The Writing Sparrow Episode 9 | Critique Partner and Beta Reader 101

This week, I talk about the basics of working with critique partners and beta readers – how to find them, when to get them involved, and why they’re so valuable.

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Sarina Langer  00:08

Hello, and welcome to the Writing Sparrow podcast. I’m Sarina Langer, and this podcast is all about writing, publishing and marketing your book. You can find transcripts on my website at Let’s get started!

Sarina Langer  00:28

Hello again friends and Sparrows and welcome back. It’s November the 2nd, and this is episode nine. Today, I want to tell you about two of the most helpful groups of people you will meet on your author path: critique partners and beta readers.

Sarina Langer  00:46

Now before we begin, as usual, I just want to stress that this is just my process, don’t feel you need to do it exactly like I do. If you want to shuffle things, you shuffle things. It’s your books, so you need to do whatever works for you and your book.

Sarina Langer  01:02

Now, when I wrote my first book, Rise of the Sparrows, I had no idea that critique partners were even a thing, which is probably why I ended up with, I think it was 21 pages of beta feedback, because they had to raise all the points my critique partners would have normally caught early. But I still got my betas at the same time that I do now, so right at the end just before the proofread, so there was a lot of last minute work to get through before I sent it off for its last proofread.

Sarina Langer  01:35

Nowadays, I actually work with critique partners first, before I even send my book to my editor. I have a dedicated group of seven critique partners that… there’s no reason for this number, by the way, it’s just how it worked out, so you don’t feel like that, like there’s a perfect number to have, whatever works for you is great. I can ask them questions and for their help at any time in the process. So for example, when I’m naming a country and I’m not sure if the names sound natural or great, I can ask them for example. If I, if I’m torn between two or more things, I can ask them for their help.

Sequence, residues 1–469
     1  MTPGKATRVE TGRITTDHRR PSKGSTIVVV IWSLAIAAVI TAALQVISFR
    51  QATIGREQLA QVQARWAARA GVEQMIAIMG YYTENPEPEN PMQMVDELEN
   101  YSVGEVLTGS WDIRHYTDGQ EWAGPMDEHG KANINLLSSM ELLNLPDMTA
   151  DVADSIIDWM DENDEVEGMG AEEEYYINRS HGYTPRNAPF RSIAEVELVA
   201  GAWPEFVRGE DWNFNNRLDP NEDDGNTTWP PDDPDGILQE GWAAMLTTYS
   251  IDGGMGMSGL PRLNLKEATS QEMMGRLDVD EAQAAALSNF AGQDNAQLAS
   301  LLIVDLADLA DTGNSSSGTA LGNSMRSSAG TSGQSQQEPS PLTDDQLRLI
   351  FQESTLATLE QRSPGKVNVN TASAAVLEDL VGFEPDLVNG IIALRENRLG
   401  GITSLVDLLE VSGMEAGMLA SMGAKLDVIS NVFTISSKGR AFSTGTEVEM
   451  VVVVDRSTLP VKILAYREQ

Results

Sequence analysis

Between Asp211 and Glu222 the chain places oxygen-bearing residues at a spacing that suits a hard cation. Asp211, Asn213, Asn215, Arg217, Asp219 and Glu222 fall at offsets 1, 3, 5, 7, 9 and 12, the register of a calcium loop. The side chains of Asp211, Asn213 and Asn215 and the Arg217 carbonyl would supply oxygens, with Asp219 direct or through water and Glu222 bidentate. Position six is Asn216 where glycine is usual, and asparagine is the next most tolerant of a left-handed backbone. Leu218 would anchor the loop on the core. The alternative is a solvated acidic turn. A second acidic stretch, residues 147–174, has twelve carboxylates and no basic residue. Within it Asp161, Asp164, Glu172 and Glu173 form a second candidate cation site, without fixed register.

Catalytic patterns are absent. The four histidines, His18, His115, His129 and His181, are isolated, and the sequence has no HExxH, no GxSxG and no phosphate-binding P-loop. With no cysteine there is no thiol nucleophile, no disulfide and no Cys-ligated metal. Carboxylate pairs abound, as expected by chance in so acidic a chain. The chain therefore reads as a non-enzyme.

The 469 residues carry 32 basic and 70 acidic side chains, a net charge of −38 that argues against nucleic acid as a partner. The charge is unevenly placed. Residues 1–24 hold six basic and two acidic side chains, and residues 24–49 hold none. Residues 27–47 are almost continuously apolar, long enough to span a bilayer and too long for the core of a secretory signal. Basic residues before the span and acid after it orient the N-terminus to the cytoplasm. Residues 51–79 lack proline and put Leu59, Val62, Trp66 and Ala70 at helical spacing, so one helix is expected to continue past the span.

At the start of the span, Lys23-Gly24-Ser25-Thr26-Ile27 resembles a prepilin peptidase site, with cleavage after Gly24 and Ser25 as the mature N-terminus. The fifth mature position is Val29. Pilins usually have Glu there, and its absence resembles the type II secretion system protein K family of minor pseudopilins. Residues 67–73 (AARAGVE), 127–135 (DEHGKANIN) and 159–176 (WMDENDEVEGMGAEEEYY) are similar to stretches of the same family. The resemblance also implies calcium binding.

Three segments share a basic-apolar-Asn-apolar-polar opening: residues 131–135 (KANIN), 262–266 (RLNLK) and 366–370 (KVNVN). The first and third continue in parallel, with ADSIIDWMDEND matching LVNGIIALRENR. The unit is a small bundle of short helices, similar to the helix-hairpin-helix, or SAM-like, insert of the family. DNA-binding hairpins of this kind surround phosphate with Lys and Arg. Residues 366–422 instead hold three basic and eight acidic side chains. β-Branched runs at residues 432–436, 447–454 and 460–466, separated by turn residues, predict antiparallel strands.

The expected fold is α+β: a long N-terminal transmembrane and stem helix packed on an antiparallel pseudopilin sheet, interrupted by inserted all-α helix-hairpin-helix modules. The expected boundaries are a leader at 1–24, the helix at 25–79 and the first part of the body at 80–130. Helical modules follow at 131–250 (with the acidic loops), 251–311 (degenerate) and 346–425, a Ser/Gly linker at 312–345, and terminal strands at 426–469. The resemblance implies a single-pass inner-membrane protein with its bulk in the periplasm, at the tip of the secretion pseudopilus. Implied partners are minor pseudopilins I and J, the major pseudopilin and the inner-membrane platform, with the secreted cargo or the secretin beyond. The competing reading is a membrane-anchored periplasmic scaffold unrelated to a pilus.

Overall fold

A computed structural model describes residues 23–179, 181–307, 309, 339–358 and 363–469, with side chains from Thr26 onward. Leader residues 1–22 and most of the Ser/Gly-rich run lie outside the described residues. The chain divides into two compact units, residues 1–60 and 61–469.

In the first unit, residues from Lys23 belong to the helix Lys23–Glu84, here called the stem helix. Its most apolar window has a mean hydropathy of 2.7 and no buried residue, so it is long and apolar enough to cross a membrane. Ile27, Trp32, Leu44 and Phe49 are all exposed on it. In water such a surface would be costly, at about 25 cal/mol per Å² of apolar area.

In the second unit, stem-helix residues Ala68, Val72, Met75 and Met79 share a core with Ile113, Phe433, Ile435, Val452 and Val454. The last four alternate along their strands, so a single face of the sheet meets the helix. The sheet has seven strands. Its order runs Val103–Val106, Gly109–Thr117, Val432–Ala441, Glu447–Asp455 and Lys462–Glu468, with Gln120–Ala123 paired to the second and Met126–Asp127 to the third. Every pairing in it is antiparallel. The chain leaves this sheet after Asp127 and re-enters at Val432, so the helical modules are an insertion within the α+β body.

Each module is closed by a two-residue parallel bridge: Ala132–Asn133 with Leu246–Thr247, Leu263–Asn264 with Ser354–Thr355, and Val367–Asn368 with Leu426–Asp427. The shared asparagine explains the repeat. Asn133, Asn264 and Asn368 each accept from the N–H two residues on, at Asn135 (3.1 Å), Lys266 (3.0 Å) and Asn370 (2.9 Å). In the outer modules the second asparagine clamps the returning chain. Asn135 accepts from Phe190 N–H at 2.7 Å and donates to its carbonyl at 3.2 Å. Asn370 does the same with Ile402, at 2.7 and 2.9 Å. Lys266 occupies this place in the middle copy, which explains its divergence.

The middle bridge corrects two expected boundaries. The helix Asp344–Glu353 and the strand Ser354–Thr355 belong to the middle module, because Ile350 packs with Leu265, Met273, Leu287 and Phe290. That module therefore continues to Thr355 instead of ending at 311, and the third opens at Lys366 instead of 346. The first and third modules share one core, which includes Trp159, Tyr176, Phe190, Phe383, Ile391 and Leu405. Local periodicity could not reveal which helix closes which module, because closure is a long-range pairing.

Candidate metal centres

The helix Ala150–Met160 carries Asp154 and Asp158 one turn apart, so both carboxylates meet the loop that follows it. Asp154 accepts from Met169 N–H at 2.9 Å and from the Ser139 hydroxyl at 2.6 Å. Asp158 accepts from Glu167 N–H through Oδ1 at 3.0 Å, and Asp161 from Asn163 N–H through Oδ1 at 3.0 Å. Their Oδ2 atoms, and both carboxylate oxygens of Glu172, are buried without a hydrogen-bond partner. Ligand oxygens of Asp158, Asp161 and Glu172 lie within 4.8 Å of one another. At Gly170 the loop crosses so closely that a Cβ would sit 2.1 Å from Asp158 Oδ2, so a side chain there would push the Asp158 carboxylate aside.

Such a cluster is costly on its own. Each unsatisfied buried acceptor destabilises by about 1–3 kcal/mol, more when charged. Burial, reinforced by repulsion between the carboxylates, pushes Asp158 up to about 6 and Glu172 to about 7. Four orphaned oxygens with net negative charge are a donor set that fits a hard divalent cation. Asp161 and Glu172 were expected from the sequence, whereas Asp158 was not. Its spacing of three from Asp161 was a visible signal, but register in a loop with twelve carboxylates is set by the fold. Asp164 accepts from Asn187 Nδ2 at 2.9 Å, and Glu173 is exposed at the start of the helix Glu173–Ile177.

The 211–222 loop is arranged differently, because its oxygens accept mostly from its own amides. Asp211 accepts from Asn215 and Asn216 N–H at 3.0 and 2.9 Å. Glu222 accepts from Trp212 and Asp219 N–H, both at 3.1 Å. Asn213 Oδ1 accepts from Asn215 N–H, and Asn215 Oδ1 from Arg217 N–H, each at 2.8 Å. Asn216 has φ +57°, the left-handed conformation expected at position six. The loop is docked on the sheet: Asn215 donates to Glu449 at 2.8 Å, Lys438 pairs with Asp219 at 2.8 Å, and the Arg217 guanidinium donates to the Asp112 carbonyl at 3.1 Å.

Sarina Langer  02:14

I think the last thing that I asked them for help with actually was, was a name change for a character. I changed the main character’s name for Blood Wisp from Michiko to Yua. But before I did that, I asked them if they thought it was necessary, I talked them through my reasons for wanting to do it in the first place so we could make sure that I wasn’t just overreacting.

Sarina Langer  02:38

And generally, my critique partners are always there to help when I need them and I couldn’t love them more for it. So if you’re listening, thank you so much. I love you so much, genuinely, and my books are so much better off because of you.

Sarina Langer  02:52

You can discuss anything you want with your critique partners. So be that first lines, maybe you got two or three book covers that you can’t choose between, your blurb, or you can even ask them to read your whole book and give you feedback on that. My critique partners are there for everything. I should really buy you guys tea, thank you so much, and cake. Whatever you want, you deserve it.

Sarina Langer  03:16

With beta readers, on the other hand, I kind of see as my last line of defence before I do the final proofread. So by the time I get betas now, my book has already gone through critique partners,  it’s had at least a line edit, maybe a developmental edit, and it’s had normally at least three rounds of my own edits as well. So the book at that point is around the fifth or sixth draft. Sometimes it’s more than that, depending on how easy the book was. Again, you can do this completely differently if you prefer, but I always think that my book should be as close to the finished version bar the proofread as possible before I send it to my betas. As I said, I’m normally only missing the proofread at this stage. And that way, I can make sure that real people, not necessarily other writers but just readers, you know, who read to enjoy a book, can tell me if the book works and if everything hits the way that I want it to. After that, I normally also get advanced readers. But that’s a topic for a whole ‘nother post.

Sarina Langer  04:26